Microsoft’s report of a a rise in firmware attacks partly reflects the rise of embedded systems and the Internet of Things (IoT), according to Richard Gall, blogging for cybersecurity vendor Macrium.
Gall said that Microsoft found that around eight in ten enterprises have suffered at least one firmware attack over the past two years. Firmware contains sensitive core information, such as encryption, that can make it a valuable target.
“[But] one trend not mentioned in [Microsoft’s] blog post is the growth of embedded systems and IoT. We can see this in the rise of a certain type of consumer product (think FitBits and Apple Watches) but the real boom is happening in industrial settings.
“As machinery becomes increasingly more connected and network enabled, accessing firmware could grow even further in value, as it could potentially give cybercriminals or cyberterrorists access to vital infrastructure.”
Microsoft said that businesses aren’t paying enough attention to firmware threats, with only 29% of security budgets allocated to defending firmware.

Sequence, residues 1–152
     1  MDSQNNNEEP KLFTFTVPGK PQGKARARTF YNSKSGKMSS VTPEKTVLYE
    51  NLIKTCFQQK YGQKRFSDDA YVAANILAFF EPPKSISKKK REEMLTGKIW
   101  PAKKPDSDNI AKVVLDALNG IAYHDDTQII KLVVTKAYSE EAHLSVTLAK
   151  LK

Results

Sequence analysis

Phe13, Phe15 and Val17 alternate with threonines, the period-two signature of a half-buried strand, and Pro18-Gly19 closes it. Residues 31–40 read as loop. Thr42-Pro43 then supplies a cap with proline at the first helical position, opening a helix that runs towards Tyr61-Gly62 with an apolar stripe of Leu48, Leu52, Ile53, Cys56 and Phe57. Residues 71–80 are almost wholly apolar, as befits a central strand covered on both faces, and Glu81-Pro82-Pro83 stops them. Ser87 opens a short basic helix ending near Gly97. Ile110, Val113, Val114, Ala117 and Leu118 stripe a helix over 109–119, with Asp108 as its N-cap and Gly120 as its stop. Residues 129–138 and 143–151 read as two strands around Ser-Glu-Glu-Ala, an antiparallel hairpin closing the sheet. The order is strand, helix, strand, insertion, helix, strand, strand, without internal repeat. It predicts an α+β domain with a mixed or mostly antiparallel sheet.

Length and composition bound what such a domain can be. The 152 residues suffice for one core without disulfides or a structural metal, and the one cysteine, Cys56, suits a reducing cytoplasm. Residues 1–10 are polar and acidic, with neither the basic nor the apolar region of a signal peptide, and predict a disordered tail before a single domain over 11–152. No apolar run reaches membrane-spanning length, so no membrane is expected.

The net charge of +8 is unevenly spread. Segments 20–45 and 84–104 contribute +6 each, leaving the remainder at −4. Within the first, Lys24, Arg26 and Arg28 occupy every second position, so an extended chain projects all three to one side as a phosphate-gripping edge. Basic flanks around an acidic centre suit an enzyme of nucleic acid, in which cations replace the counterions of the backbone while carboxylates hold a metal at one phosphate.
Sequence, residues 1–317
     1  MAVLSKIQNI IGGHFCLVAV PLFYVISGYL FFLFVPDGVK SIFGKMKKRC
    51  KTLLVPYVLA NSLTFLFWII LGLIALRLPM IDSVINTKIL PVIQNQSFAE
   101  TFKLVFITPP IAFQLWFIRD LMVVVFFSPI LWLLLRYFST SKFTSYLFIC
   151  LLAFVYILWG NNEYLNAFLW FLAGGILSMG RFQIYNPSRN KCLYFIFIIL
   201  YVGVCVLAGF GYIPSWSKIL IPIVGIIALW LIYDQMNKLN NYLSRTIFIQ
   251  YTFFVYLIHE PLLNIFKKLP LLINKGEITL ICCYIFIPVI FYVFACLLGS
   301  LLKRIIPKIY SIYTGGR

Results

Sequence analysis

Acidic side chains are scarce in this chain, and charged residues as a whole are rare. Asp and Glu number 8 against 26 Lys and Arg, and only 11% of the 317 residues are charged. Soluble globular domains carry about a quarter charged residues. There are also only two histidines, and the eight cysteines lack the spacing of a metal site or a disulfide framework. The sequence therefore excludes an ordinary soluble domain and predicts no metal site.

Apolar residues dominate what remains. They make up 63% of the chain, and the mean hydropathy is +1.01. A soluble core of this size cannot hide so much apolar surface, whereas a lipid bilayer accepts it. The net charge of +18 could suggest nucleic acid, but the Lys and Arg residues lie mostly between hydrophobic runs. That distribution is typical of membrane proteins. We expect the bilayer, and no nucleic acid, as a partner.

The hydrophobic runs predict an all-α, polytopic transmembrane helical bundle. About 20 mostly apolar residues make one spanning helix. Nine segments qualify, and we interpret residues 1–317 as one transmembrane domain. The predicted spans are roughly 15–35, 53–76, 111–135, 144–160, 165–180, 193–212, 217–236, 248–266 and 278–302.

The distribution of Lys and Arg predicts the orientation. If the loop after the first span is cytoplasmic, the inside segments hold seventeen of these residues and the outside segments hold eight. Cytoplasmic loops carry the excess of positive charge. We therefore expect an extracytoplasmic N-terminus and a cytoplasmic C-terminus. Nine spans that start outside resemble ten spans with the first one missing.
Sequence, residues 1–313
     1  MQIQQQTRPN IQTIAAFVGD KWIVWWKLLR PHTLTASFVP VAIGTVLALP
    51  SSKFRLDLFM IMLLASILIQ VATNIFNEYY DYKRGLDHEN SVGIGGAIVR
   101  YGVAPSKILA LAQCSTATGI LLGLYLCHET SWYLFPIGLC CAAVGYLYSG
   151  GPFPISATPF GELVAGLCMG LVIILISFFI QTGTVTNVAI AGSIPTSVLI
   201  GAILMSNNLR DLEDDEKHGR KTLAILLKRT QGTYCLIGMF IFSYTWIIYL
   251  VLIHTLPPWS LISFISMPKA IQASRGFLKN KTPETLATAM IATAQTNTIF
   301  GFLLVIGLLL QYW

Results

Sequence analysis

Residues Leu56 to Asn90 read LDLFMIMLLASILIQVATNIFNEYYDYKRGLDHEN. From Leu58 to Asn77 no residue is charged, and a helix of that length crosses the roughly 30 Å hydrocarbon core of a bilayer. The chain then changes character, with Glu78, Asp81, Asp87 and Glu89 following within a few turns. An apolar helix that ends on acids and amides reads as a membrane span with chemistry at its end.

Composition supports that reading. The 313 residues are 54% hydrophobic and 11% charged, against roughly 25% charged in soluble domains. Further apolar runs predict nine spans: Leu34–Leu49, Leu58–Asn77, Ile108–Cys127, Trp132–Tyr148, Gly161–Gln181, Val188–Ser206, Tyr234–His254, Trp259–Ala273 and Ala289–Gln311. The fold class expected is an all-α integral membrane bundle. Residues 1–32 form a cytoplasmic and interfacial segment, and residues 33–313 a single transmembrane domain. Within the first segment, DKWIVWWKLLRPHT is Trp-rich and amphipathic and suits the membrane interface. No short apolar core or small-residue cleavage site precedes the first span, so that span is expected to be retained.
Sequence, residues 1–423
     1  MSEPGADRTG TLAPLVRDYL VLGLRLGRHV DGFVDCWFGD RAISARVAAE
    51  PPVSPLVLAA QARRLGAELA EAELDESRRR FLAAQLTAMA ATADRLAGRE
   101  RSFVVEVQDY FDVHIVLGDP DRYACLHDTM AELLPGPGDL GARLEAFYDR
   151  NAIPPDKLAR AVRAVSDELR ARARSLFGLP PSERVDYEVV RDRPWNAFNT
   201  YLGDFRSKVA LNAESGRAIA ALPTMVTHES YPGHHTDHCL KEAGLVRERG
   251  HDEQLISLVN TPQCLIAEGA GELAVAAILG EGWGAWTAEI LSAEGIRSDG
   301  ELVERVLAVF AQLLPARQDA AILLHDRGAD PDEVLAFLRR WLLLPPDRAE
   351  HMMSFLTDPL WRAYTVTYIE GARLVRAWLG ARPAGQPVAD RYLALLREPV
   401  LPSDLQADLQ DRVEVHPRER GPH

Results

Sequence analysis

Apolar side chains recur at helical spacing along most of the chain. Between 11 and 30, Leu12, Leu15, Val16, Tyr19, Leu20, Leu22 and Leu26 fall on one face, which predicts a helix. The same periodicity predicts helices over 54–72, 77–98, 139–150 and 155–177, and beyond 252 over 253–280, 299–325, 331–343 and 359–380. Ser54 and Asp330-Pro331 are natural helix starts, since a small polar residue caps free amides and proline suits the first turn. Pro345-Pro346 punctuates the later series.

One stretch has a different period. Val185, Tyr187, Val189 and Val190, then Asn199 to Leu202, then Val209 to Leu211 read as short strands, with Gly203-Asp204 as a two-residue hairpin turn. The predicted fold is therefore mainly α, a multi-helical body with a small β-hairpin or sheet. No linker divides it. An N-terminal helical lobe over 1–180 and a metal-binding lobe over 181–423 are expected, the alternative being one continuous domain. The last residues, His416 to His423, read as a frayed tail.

Gall agreed the industry could focus more on firmware issues, which can often be overlooked. Hopefully, this could encourage vendors to work out how to deliver “more sustained” defences.
“It’s nevertheless important to recognise we’re living in a world where the challenges are so complex and global that they will need to be driven by organisations like Microsoft working with hardware manufacturers,” Gall said.
Firmware programs sit between the operating system and the hardware, bridging those two critical building blocks of IT.
“In very simple devices, the firmware actually is the operating system. If all that a user needs is a way to interact with the specifics of the hardware, then firmware is sufficient,” said Gall.
Part of what’s needed is visibility into the firmware layer to ensure devices haven’t been compromised before boot-up or at runtime below the operating-system kernel. Most firmware attacks target the kernel or the physical hardware.
“The fact that so many cybersecurity teams are doing things manually that could be automated (82%) does require serious thinking,” said Gall.